Not in regard to his performance, though. He’s mostly been tremendous. The question pertaining to his workload was the issue because he had never eclipsed more than 80.1 innings in a single season throughout his professional career … and that number came back in 2015.
In his first five seasons with the Dodgers, he topped out at 79.2 back in 2019. Right now, he’s at 150.2 and is approaching more than double his previously highest mark. Who wouldn’t be wondering what his deal would be as we approach September and October?
Well, we have a lot of good news on that front. First and foremost, Urias is proving that the mileage on his arm is of no concern. He was just victorious over the Atlanta Braves, one of the hottest teams in all of baseball. Secondly, manager Dave Roberts has already begun pushing the left-hander’s starts back to further preserve him.
Dodgers starter Julio Urias is proving his workload is nothing to worry about.
Urias has the most wins in MLB. He’s struck out 160 batters. Only five of his 26 starts this year have featured more than three earned runs. He’s greatly helped alleviate the pain after the Dodgers suffered countless losses in the rotation.
And as of right now, he’s showing that worries about his longevity should be in the rearview as his 2021 season is concerned. What evidence do we have of him slowing down? Absolutely none. And he was able to handle a pressure-filled workload in 2020, starting games when asked and coming in as a reliever when needed, which included closing out the World Series clincher.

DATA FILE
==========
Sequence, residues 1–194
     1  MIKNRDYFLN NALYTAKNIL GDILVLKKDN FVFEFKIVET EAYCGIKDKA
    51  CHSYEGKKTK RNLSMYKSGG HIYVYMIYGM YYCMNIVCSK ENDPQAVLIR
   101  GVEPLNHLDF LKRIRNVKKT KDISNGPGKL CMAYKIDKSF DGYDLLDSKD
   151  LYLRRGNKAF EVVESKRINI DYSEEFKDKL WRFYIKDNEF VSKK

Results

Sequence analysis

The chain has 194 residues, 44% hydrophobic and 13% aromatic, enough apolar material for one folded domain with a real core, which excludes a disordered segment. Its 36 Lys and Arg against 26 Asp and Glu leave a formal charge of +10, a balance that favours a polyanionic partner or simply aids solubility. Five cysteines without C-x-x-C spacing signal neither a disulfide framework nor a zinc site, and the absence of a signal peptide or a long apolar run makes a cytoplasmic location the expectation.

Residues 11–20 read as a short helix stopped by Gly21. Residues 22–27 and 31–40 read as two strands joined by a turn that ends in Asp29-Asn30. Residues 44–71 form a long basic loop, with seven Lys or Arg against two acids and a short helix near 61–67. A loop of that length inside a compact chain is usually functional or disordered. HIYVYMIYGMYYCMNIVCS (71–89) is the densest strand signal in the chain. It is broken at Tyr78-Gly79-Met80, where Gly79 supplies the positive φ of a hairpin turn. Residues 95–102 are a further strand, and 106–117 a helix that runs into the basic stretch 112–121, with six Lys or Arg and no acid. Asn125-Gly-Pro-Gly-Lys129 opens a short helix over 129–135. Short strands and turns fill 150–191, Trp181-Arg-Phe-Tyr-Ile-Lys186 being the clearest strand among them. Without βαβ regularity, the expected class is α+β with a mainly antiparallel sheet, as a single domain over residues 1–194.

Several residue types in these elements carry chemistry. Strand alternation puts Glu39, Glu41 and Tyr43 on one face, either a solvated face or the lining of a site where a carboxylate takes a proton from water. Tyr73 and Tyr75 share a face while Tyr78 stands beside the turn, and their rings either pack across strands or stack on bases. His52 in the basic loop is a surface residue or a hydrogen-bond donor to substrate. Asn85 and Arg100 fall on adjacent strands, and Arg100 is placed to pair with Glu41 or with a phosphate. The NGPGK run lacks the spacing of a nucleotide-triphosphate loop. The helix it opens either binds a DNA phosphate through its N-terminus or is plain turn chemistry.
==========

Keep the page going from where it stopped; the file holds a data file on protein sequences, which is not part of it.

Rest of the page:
Care to hear some encouraging statistics that indicate Urias will be able to last AND dominate for the rest of the way? His fastball velocity is right where it’s always been (94-95 MPH) for the entire year. His curveball (81.6 MPH) and changeup (87.1 MPH) actually increased in velocity compared to previous years.
He’s also in the top 10 percentile among all MLB pitchers when it comes to fastball spin, average exit velocity, hard-hit percentage, chase rate, curveball spin and walk percentage.
If all of those numbers are holding up this far into his career season, why shouldn’t we trust that the left-hander can last through October and still pitch effectively? He’s already proven he can handle the big stage, too, owning a 2.79 ERA and 0.85 WHIP in 18 career playoff outings.
So, don’t start thinking about how Urias’ season might end prematurely; start thinking about he’ll be deployed as the Dodgers approach their most important games of the season.